If OCS has determined that a call is not in the OCS world (Reverse Number Lookup fails as no SIP URI can be found that matches a dialed +<E.164> number by a user), the call needs to be handed over to the outside-OCS telephony environment. For voice calls the boundary to the outside world (PBX with Gateway, Gateway connected to PSTN, SIP carrier…) is built by an OCS Mediation Server. While OCS Audio/Video Edge Server builds the boundary to the Internet for calls to Remote users or to other federated enterprises that use OCS as well, is the OCS Mediation Server break in/out point for connections to non-OCS users, currently mostly used for voice calls.
In the example above two OCS Mediation Servers with Media Gateways sitting between the PSTN and the OCS Mediation Servers have been added. One sitting in Frankfurt/Germany and the other one sitting in Hamburg/Germany. After the decision has been made by the OCS system that the endpoint called party number must belong to an endpoint outside of the OCS world, two things have to happen as part of the OCS Outbound Routing application:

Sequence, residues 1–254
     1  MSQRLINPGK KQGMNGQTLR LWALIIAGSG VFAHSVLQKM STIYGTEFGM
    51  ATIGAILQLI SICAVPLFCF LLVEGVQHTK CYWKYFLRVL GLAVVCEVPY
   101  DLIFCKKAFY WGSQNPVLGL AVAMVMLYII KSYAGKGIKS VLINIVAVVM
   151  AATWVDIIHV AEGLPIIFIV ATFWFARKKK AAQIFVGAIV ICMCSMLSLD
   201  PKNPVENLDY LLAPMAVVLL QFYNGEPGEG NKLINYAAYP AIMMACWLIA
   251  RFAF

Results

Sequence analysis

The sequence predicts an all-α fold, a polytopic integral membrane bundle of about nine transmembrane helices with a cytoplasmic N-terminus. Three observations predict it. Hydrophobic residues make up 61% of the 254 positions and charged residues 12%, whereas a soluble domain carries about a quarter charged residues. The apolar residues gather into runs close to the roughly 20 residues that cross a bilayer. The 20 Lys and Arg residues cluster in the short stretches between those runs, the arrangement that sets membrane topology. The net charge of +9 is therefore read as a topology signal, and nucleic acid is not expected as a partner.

1. It has to be checked by the system whether the user is allowed to dial this number to the OCS-external world.
2. OCS has to determine the most suitable break-out point (OCS Mediation Server) to hand over this call to the outside OCS world.
In common PBX/IP PBX system class of service rights have usually been assigned to extensions. Extension 1212 was allowed to make internal, local and national calls, while extension 3699 was allowed to make internal, local, national and international calls but no calls to premium numbers (e.g. 900). In OCS users will be tagged with attributes (representing “dialing rights”) and not extensions. There can be an attribute called “local” but there can also be an attribute “local_and_national”. These attributes are called “Phone Usages” in the OCS world. It is also possible to name the Phone Usages “A” and “B” as while defining Phone Usages they have no immediate relevance on the numbers that a user is allowed to dial. So don’t get confused.
One or multiple Phone Usages will be grouped in a so called “Voice Policy”. In the screenshot above of the Active Directory user configuration it is shown how a user will be assigned to a Voice Policy. There could for example be a Voice Policy named “InternationalGER-Premium” that includes the Phone Usages “Internal”, “Local”, “National-Premium”, “International”.
Phone Usages determine which “Route” a user is allowed to use for an outbound phone call. An OCS Route consists of a regular expression rule, one or multiple Phone Usages and an OCS Mediation Server FQDN (Fully Qualified Domain Name). The user is allowed to make an outbound call using a particular Route when the following two parameters match: